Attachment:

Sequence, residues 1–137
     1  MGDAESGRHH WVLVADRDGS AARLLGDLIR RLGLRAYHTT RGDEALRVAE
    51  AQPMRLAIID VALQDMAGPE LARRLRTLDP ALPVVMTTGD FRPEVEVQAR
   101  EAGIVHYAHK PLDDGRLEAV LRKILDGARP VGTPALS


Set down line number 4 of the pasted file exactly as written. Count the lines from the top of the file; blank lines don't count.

   101  EAGIVHYAHK PLDDGRLEAV LRKILDGARP VGTPALS